A vascular mechanism for high-sodium-induced insulin resistance in rats

Premilovac, Dino, Richards, Stephen M., Rattigan, Stephen and Keske, Michelle A. 2014, A vascular mechanism for high-sodium-induced insulin resistance in rats, Diabetologia, vol. 57, no. 12, pp. 2586-2595, doi: 10.1007/s00125-014-3373-y.

Attached Files
Name Description MIMEType Size Downloads

Title A vascular mechanism for high-sodium-induced insulin resistance in rats
Author(s) Premilovac, Dino
Richards, Stephen M.
Rattigan, Stephen
Keske, Michelle A.ORCID iD for Keske, Michelle A. orcid.org/0000-0003-4214-7628
Journal name Diabetologia
Volume number 57
Issue number 12
Start page 2586
End page 2595
Total pages 10
Publisher Springer Verlag
Place of publication Berlin, Germany
Publication date 2014-12
ISSN 1432-0428
Keyword(s) Animals
Blood Glucose
Fatty Acids, Nonesterified
Glucose Clamp Technique
Insulin Resistance
Muscle, Skeletal
Rats, Sprague-Dawley
Sodium Chloride, Dietary
Science & Technology
Life Sciences & Biomedicine
Endocrinology & Metabolism
ACE inhibition
High sodium
Skeletal muscle
Summary AIMS/HYPOTHESIS: High sodium (HS) effects on hypertension are well established. Recent evidence implicates a relationship between HS intake and insulin resistance, even in the absence of hypertension. The aim of the current study was to determine whether loss of the vascular actions of insulin may be the driving factor linking HS intake to insulin resistance. METHODS: Sprague Dawley rats were fed a control (0.31% wt/wt NaCl) or HS (8.00% wt/wt NaCl) diet for 4 weeks and subjected to euglycaemic-hyperinsulinaemic clamp (10 mU min(-1) kg(-1)) or constant-flow pump-perfused hindlimb studies following an overnight fast. A separate group of HS rats was given quinapril during the dietary intervention and subjected to euglycaemic-hyperinsulinaemic clamp as above. RESULTS: HS intake had no effect on body weight or fat mass or on fasting glucose, insulin, endothelin-1 or NEFA concentrations. However, HS impaired whole body and skeletal muscle glucose uptake, in addition to a loss of insulin-stimulated microvascular recruitment. These effects were present despite enhanced insulin signalling (Akt) in both liver and skeletal muscle. Constant-flow pump-perfused hindlimb experiments revealed normal insulin-stimulated myocyte glucose uptake in HS-fed rats. Quinapril treatment restored insulin-mediated microvascular recruitment and muscle glucose uptake in vivo. CONCLUSIONS/INTERPRETATION: HS-induced insulin resistance is driven by impaired microvascular responsiveness to insulin, and is not due to metabolic or signalling defects within myocytes or liver. These results imply that reducing sodium intake may be important not only for management of hypertension but also for insulin resistance, and highlight the vasculature as a potential therapeutic target in the prevention of insulin resistance.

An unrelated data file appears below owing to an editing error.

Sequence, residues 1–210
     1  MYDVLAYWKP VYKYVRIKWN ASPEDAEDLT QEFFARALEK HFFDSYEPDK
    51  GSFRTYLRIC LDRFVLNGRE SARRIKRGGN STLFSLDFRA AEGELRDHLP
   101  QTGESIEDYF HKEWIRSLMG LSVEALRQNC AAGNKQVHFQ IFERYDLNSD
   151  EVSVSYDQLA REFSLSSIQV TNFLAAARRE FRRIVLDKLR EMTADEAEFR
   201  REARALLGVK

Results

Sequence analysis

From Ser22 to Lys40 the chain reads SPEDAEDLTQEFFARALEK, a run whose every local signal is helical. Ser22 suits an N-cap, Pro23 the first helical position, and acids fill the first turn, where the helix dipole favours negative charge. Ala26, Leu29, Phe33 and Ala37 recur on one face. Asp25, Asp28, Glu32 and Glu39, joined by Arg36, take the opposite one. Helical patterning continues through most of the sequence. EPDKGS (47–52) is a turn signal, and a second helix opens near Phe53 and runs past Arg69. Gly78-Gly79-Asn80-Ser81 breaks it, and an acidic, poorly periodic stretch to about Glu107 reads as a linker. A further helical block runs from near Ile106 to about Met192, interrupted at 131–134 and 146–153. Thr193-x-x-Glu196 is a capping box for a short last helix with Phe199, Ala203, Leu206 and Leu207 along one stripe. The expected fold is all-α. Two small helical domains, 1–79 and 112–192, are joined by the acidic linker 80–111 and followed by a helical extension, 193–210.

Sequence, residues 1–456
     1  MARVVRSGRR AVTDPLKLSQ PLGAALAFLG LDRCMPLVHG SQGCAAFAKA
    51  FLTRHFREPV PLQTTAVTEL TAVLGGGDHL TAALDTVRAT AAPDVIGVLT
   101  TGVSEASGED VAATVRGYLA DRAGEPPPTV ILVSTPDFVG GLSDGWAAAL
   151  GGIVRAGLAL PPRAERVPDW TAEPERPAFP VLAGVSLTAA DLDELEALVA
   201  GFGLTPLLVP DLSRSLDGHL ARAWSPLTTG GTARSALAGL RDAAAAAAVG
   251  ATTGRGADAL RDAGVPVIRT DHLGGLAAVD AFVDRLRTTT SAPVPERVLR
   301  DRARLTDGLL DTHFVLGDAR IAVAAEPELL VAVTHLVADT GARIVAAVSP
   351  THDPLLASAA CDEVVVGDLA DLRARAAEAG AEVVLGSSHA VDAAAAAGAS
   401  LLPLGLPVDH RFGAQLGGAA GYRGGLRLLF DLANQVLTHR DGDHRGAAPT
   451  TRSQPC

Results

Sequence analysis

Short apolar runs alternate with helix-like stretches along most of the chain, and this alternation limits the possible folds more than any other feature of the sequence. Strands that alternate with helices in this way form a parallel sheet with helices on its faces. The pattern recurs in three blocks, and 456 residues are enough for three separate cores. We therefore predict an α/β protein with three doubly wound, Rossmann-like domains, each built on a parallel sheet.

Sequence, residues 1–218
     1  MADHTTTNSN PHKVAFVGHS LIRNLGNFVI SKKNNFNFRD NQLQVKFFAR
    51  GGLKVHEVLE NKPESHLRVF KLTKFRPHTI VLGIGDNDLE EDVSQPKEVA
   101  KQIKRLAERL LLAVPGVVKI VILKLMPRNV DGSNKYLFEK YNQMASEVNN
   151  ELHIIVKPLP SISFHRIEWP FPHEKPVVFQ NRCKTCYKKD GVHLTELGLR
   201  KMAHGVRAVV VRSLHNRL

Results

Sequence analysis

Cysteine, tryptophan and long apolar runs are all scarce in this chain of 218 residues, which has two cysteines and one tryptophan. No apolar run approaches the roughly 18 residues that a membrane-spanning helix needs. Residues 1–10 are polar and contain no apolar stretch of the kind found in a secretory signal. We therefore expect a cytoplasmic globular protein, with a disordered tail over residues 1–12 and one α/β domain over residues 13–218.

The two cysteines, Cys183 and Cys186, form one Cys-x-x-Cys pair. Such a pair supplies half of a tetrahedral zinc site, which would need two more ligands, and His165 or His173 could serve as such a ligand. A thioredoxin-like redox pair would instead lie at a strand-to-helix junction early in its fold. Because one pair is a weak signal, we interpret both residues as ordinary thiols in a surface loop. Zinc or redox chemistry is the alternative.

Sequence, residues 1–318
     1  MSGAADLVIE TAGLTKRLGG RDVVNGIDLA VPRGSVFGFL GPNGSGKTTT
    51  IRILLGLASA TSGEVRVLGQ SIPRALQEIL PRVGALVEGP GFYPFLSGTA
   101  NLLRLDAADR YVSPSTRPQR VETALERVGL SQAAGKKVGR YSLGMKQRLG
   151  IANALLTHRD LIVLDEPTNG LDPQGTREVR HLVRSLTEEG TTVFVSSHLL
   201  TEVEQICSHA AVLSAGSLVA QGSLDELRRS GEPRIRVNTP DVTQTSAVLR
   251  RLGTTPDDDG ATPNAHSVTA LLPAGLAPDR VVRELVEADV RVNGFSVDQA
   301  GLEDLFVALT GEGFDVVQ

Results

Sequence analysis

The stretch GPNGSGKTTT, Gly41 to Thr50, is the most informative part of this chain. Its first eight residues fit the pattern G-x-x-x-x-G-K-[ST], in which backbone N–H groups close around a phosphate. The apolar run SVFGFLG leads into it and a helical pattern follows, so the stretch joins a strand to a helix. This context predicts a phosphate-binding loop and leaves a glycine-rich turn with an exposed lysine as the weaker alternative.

Language eng
DOI 10.1007/s00125-014-3373-y
Field of Research 110201 Cardiology (incl Cardiovascular Diseases)
110306 Endocrinology
111103 Nutritional Physiology
1103 Clinical Sciences
1114 Paediatrics And Reproductive Medicine
1117 Public Health And Health Services
Socio Economic Objective 920104 Diabetes
HERDC Research category C1.1 Refereed article in a scholarly journal
ERA Research output type C Journal article
Copyright notice ©2014, Springer-Verlag Berlin Heidelberg
Persistent URL http://hdl.handle.net/10536/DRO/DU:30092196

Connect to link resolver
Unless expressly stated otherwise, the copyright for items in DRO is owned by the author, with all rights reserved.

Version Filter Type
Citation counts: TR Web of Science Citation Count  Cited 11 times in TR Web of Science
Scopus Citation Count Cited 12 times in Scopus
Google Scholar Search Google Scholar
Access Statistics: 144 Abstract Views, 2 File Downloads  -  Detailed Statistics
Created: Tue, 21 Mar 2017, 16:05:13 EST

Every reasonable effort has been made to ensure that permission has been obtained for items included in DRO. If you believe that your rights have been infringed by this repository, please contact drosupport@deakin.edu.au.